Finding Work-Life Balance in a Digital Age: An Exploratory Study of Boundary Flexibility and Permeability

Finding Work-Life Balance in a Digital Age: An Exploratory Study of Boundary Flexibility and Permeability

Donna Weaver McCloskey (Widener University, USA)
DOI: 10.4018/978-1-5225-3917-9.ch033
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Mobile computing has changed when and where one works, necessitating an examination of the boundaries one maintains between work and home. Flexible boundaries allow for the shifting of work to alternate times and/or locations. Permeable boundaries allow for the integration of one role while present in the other role, such as scheduling dinner reservations on an app while at work or taking a work call while on vacation. This exploratory research examines the characteristics of employees who have different boundary types and whether these individuals experience different levels of work-family conflict as well as job and life satisfaction.
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Mobile technology has blurred the line between our work and home lives. In the past, temporal (time) and physical boundaries existed between work and home. We were in the office during work hours and were generally, aside from phone calls, in our work role. When we left the workplace, the work was left behind and we entered our personal role. Mobile technology has removed the temporal and physical boundary between our work and personal life. The transportability of computing means that work activities can now be done at alternate times and locations. Likewise, the ubiquitous nature of communication in a mobile world means that personal demands can be made while working. With the breech of temporal and physical boundaries, the psychological boundary that individuals maintain between their work and personal lives becomes more important. This research seeks to define those boundaries and explore the impact of boundary decisions on work-family conflict as well as work and life satisfaction.

Boundaries can be defined in terms of their flexibility and permeability. The concept of flexibility is how much control the individual has over when and where work is completed. Work schedule flexibility can be a formal program, such as flex-time or telecommuting, or an informal ability to change work hours as needed. Work flexibility has been found to be negatively related to forms of work-family conflict (Carolson, Grzywacz and Kacmar, 2010; Kattehbach, Demerouti and Nachreiner, 2010; Porter and Ayman, 2010).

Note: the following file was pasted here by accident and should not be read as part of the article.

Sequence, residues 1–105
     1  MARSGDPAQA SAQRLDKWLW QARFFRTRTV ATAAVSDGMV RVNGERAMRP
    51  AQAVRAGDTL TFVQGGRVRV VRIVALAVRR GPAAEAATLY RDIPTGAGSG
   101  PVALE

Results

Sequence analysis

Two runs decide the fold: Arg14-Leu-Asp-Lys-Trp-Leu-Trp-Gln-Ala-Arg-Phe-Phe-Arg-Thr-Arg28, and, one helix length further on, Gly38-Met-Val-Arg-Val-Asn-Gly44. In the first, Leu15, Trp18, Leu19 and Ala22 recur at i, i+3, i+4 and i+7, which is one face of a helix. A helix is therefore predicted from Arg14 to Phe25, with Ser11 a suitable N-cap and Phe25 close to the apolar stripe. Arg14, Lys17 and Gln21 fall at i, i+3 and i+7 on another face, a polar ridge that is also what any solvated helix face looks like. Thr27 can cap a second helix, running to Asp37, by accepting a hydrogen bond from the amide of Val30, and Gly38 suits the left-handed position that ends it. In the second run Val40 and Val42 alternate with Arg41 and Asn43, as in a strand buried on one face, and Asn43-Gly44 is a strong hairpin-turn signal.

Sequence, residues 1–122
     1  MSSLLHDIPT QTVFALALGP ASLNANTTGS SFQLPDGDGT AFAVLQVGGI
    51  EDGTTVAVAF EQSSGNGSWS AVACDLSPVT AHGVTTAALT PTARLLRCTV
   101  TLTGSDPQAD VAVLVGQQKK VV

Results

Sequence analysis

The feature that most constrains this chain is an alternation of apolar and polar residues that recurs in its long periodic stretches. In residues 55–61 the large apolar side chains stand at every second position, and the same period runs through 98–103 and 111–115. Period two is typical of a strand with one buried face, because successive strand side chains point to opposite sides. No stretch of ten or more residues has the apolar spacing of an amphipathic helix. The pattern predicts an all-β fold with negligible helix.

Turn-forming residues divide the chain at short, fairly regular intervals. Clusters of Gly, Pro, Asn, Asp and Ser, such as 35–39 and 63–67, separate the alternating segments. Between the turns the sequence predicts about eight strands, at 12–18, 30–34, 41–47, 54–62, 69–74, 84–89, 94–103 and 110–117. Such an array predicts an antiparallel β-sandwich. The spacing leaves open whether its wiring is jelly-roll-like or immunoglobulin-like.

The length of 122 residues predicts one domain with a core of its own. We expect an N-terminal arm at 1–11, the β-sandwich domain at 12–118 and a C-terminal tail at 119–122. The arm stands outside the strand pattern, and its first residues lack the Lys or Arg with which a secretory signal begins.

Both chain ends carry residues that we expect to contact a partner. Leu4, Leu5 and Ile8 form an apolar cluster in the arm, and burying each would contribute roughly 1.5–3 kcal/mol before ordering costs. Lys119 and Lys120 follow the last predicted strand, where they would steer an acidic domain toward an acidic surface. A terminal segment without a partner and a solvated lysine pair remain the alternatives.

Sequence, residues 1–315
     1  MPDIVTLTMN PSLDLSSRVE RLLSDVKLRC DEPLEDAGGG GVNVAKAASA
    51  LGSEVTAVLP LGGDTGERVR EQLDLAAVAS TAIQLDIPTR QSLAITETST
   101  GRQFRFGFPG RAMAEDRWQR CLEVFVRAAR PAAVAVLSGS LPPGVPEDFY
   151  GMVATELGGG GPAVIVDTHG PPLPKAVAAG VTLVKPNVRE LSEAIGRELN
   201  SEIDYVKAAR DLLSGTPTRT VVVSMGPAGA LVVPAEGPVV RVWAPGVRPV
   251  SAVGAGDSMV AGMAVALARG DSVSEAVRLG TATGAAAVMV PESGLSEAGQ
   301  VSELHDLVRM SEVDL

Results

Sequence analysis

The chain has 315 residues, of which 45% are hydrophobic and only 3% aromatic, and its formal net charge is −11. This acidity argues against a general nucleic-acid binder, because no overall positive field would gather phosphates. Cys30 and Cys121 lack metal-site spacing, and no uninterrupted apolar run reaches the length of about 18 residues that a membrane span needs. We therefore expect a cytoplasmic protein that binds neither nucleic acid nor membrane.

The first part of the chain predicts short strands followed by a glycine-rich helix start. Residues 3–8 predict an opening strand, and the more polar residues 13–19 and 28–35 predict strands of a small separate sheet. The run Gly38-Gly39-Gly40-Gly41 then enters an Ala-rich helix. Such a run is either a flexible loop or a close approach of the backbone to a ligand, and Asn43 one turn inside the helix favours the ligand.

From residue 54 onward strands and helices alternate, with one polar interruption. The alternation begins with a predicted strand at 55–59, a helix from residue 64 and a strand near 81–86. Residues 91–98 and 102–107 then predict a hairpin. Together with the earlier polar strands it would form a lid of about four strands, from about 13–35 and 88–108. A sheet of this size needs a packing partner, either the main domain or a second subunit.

Boundary permeability is the extent to which we integrate the obligations of one role when in the other role. Permeable boundaries allow one to be physically located in one domain and psychologically or behaviorally involved in another role (Olson-Buchanan and Boswell, 2006). Mobile technology and the ability to communicate anytime, anywhere has made the work-life boundary even more permeable. Whether responding to a client’s email at the school’s chorale concert or watching the concert via Skype while in the office, technology offers employees the ability to continually cross boundaries. Researchers have addressed the issue of boundary permeability and have found that using technology to do work outside of the traditional work time to contribute to increased work-family conflict (Boswell and Olson-Buchanan, 2007; Olson-Buchanan and Boswell, 2006). Conversely, individuals with strong (i.e. non-permeable) home and work boundaries experience less work-family and family-work conflict (Hecht and Allen, 2009).

Many researchers examined the concepts of flexibility and permeability simultaneously (Ashford, Kreiner and Fugate, 2000; Bulger, Matthews and Hoffman, 2007; Kirchmeyer, 1995; Kossek, Ruderman, Brady and Hannum, 2010; Tremblay and Genin, 2008) without considering that boundaries can be flexible without being permeable and vice versa. The failure to separate flexibility from permeability has contributed to difficulties in reconciling and integrating research results. This research explores flexibility and permeability as separate constructs and examines the impact of the various combinations of flexible and permeable boundaries on work and personal outcomes.

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